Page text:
Background: We have previously developed and confirmed a pragmatic molecular classifier for endometrial cancers; ProMisE (Proactive Molecular Risk Classifier for Endometrial Cancer). Inspired by the Cancer Genome Atlas, ProMisE identifies four prognostically distinct molecular subtypes and can be applied to diagnostic specimens (biopsy/curettings) enabling earlier informed decision-making. We have strictly adhered to the Institute of Medicine (IOM) guidelines for the development of genomic biomarkers, and herein present the final validation step of a locked-down classifier before clinical application.
Patients and methods: We assessed a retrospective cohort of women from the Tübingen University Women's Hospital treated for endometrial carcinoma between 2003 and 2013. Primary outcomes of overall, disease-specific, and progression-free survival were evaluated for clinical, pathological, and molecular features.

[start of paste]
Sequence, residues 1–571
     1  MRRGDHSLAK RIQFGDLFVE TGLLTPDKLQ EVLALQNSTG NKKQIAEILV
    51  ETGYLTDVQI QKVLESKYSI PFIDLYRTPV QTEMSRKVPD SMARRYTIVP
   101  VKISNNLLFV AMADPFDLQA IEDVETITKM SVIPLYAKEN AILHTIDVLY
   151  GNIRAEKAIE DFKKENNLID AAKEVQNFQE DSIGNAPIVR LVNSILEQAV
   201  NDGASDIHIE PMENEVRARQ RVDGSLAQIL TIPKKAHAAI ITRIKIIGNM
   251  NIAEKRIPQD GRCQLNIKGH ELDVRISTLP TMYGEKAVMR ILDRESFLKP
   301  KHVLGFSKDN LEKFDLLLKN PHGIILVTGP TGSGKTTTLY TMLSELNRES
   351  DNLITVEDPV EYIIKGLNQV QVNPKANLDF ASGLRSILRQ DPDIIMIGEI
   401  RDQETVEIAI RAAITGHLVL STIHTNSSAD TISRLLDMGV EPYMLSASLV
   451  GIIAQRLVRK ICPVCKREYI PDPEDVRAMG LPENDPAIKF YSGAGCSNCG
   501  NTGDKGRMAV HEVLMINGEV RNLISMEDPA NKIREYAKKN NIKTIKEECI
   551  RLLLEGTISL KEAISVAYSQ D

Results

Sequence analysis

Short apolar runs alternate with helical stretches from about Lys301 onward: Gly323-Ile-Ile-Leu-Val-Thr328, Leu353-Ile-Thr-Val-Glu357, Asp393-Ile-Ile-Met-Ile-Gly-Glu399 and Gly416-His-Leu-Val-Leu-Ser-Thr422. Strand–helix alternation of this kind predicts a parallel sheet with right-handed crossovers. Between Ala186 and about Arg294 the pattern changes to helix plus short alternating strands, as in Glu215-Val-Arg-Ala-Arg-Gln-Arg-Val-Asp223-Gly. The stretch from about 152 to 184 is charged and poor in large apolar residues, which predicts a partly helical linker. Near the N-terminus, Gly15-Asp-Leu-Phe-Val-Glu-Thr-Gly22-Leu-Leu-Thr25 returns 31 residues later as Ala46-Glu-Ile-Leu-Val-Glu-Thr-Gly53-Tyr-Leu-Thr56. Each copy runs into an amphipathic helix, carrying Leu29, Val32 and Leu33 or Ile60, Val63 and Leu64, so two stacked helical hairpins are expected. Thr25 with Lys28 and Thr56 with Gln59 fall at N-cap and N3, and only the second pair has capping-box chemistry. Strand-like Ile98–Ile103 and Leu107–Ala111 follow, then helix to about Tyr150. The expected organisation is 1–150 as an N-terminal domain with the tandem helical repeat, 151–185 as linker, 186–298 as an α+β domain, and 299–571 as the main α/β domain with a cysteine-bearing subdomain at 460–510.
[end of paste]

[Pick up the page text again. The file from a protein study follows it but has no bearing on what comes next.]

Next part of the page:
Results: Complete clinical and molecular data were evaluable from 452 women. Patient age ranged from 29 to 93 (median 65) years, and 87.8% cases were endometrioid histotype. Grade distribution included 282 (62.4%) G1, 75 (16.6%) G2, and 95 (21.0%) G3 tumors. 276 (61.1%) patients had stage IA disease, with the remaining stage IB [89 (19.7%)], stage II [26 (5.8%)], and stage III/IV [61 (13.5%)]. ProMisE molecular classification yielded 127 (28.1%) MMR-D, 42 (9.3%) POLE, 55 (12.2%) p53abn, and 228 (50.4%) p53wt. ProMisE was a prognostic marker for progression-free (P = 0.001) and disease-specific (P = 0.03) survival even after adjusting for known risk factors. Concordance between diagnostic and surgical specimens was highly favorable; accuracy 0.91, κ 0.88.
Discussion: We have developed, confirmed, and now validated a pragmatic molecular classification tool (ProMisE) that provides consistent categorization of tumors and identifies four distinct prognostic molecular subtypes. ProMisE can be applied to diagnostic samples and thus could be used to inform surgical procedure(s) and/or need for adjuvant therapy. Based on the IOM guidelines this classifier is now ready for clinical evaluation through prospective clinical trials.